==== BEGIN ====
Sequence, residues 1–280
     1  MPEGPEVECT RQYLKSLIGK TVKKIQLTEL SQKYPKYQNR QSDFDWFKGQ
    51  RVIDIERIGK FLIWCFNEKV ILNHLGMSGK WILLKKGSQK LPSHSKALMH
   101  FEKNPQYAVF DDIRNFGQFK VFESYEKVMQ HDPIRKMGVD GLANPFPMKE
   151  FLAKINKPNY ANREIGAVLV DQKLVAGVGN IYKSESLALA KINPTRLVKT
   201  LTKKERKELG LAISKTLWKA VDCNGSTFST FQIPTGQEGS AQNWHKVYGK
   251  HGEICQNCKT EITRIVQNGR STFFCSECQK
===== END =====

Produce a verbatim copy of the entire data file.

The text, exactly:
Sequence, residues 1–280
     1  MPEGPEVECT RQYLKSLIGK TVKKIQLTEL SQKYPKYQNR QSDFDWFKGQ
    51  RVIDIERIGK FLIWCFNEKV ILNHLGMSGK WILLKKGSQK LPSHSKALMH
   101  FEKNPQYAVF DDIRNFGQFK VFESYEKVMQ HDPIRKMGVD GLANPFPMKE
   151  FLAKINKPNY ANREIGAVLV DQKLVAGVGN IYKSESLALA KINPTRLVKT
   201  LTKKERKELG LAISKTLWKA VDCNGSTFST FQIPTGQEGS AQNWHKVYGK
   251  HGEICQNCKT EITRIVQNGR STFFCSECQK